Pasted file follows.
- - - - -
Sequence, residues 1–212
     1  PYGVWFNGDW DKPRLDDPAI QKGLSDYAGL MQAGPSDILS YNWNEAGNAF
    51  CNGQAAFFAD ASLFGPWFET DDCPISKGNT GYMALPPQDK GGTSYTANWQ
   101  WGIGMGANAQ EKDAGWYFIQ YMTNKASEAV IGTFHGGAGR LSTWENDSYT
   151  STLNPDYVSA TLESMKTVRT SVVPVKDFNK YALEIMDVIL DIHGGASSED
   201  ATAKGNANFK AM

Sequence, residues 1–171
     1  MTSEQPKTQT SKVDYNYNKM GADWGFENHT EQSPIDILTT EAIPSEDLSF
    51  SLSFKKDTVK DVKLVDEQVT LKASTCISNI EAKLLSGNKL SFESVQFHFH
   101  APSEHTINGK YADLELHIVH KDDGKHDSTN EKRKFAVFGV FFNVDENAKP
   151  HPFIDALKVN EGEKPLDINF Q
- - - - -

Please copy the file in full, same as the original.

Sequence, residues 1–212
     1  PYGVWFNGDW DKPRLDDPAI QKGLSDYAGL MQAGPSDILS YNWNEAGNAF
    51  CNGQAAFFAD ASLFGPWFET DDCPISKGNT GYMALPPQDK GGTSYTANWQ
   101  WGIGMGANAQ EKDAGWYFIQ YMTNKASEAV IGTFHGGAGR LSTWENDSYT
   151  STLNPDYVSA TLESMKTVRT SVVPVKDFNK YALEIMDVIL DIHGGASSED
   201  ATAKGNANFK AM

Sequence, residues 1–171
     1  MTSEQPKTQT SKVDYNYNKM GADWGFENHT EQSPIDILTT EAIPSEDLSF
    51  SLSFKKDTVK DVKLVDEQVT LKASTCISNI EAKLLSGNKL SFESVQFHFH
   101  APSEHTINGK YADLELHIVH KDDGKHDSTN EKRKFAVFGV FFNVDENAKP
   151  HPFIDALKVN EGEKPLDINF Q